Friday, August 14, 2009

Why Can't We All Just Get Along?

Those of you who have been with me on this blog for a while know that I place a lot of emphasis on what we used to call, in happier times, civility. Civility can be defined as "Polite or courteous behavior; the act of showing regard for others," and synonyms include politeness, courtesy, and graciousness.

If you didn't recognize the word, or the concept, I'm not surprised, because it seems to be going the way of the dinosaur.

You can see what I mean by watching the news and seeing the utterly asinine behavior of many people at town hall meetings held to discuss health care reform - nobody appears to be very interested in actually discussing anything...they seem more intent on shouting down and insulting people whose ideas differ from their own. You can see the same behavior at almost any other public venue nowadays, from the aggressively disruptive actions of Code Pink activists who try to prevent normal business at military recruiting stations to the morally upright but civilly retarded persons who accost women at abortion clinics.

In the much overused words of Rodney King, why can't we all just get along?

As a nation, we face daunting, interconnected problems that defy simple solutions. Much as we might wish, there aren't going to be silver bullet answers that will deliver affordable health care, rebuild the economy, stop mortgage foreclosures, get our troops out of Iraq and Afghanistan, or bring rigid Islamists out of the seventh century and into the 21st. Finding answers to our problems requires the detailed discussion of complex topics most of us don't fully understand and the evaluation of options that will never satisfy everyone. And because everything is interconnected, anything we do to solve one problem may make another worse. How do we figure out what to do?

We've replaced honest discussion with shouted slogans, and analysis of facts with cleverly twisted misinformation, and we're all guilty. Each time someone automatically and unthinkingly accepts the opinions of a talk-show demagogue, each time someone immediately believes the worst of a person who is presenting an idea, we all lose. Each time some populist blowhard blames the government (imagine those two words uttered dripping with scorn) for every ill, it automatically polarizes the discussion and prevents honest and thorough debate.

One more time, what is Bilbo's First Law?

Don't let anyone do your thinking for you.

Examine the facts, think the issues through, and be prepared to discuss them civilly. This is the essence of participative democracy. If you want your decisions made by howling mobs, or imposed by a dictatorship that can't get anything done any other way, keep on keeping on. We'll get there.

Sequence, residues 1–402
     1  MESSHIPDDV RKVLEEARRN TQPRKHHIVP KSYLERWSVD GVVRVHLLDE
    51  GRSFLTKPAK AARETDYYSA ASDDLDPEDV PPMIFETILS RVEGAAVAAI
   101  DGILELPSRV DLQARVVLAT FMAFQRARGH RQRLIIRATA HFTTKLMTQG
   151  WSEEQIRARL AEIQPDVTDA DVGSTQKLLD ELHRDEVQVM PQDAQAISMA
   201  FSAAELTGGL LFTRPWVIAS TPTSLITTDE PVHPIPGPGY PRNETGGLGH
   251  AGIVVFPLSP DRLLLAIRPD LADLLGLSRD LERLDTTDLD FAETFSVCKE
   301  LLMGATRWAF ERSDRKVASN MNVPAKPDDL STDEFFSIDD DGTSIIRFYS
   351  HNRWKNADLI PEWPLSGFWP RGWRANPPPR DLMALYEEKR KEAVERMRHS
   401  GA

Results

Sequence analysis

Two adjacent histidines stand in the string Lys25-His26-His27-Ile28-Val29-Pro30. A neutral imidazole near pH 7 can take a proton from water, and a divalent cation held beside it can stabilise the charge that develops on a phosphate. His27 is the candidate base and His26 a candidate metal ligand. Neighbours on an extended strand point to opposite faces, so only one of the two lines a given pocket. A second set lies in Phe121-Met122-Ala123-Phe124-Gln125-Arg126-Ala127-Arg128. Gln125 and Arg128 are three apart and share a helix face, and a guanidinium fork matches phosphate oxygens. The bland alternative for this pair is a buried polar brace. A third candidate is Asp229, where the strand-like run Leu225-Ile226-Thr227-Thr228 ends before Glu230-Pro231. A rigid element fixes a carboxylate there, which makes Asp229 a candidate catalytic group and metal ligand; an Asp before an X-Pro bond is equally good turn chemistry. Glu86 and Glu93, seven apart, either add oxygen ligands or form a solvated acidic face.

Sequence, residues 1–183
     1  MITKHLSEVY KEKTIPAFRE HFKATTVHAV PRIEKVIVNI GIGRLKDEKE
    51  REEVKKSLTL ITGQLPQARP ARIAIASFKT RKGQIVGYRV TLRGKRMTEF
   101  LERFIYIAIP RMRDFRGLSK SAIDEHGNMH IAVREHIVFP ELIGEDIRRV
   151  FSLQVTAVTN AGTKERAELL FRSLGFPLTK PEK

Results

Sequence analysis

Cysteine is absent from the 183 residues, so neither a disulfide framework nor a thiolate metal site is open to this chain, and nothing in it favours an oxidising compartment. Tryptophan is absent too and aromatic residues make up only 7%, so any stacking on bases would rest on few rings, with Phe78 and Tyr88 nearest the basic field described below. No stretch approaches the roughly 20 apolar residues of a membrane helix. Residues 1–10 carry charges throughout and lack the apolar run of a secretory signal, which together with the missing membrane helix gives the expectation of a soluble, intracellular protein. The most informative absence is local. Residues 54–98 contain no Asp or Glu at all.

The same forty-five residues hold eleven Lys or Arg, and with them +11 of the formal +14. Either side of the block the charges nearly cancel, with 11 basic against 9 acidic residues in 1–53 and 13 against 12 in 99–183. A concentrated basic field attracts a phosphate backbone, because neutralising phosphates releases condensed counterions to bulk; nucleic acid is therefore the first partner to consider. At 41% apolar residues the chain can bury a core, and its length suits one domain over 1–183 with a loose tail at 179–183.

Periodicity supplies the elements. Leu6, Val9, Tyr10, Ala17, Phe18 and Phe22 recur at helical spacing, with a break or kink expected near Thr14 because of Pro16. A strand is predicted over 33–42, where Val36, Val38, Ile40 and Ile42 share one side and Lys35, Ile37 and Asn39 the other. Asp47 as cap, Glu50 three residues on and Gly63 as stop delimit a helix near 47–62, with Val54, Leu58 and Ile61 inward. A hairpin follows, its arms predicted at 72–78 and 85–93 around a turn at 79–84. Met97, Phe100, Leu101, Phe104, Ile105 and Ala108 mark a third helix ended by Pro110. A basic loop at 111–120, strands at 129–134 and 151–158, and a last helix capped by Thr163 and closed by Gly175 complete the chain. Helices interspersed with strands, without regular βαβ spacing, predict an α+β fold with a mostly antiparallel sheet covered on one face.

Have a good day. Be civil. It's not hard, and you might even enjoy it.

More thoughts tomorrow.

Bilbo

6 comments:

The Mistress of the Dark said...

We're a nation of Fruitcakes! The cosmic baker's took us out of the oven a little to early....

And I stand by that Jimmy Buffett lyric!

Leslie David said...

...and that's why we're as crazy as we are. I agree.

Mike said...

I just found out I spelled dinosaur wrong in the comments on my blog. Makes me want to go holler at somebody.

Anonymous said...

I don't believe civility is taught anywhere anymore, except perhaps in the US Armed Forces. And we need it today for the same reason it arose (as chivalry, a word distantly related to cavalry) in medieval Europe--it's how to keep armed and dangerous people from escalating a small accidental bumping in an elevator into a shootout!

Since parents don't seem to teach civility anymore, it's possible that "manners" may have to be a required subject K-12, nationally. Sort of a "No Child Left Uncivilized" Act will have to be passed by our Congress. Considering that our Congress is half the problem, what are the odds of that happening?

Eminence Grise

Gilahi said...

Unfortunately, people are lazy and the binary approach is just so much easier than actually thinking about something. Witness our former president stating that you were "either with us or against us". No room for common ground, no room for discussion. I find as I grow older that almost nothing is really that black & white, but it requires some consideration to arrive there.

Wv - manteres: When George W. Bush was elected the second time, I cried real manteres.

John said...

Don't read my blog for a couple of days...I'm just going to copy this post and use it as my own.

Naw...everybody would know that I didn't write it--but it is one of those posts that I wish I had written!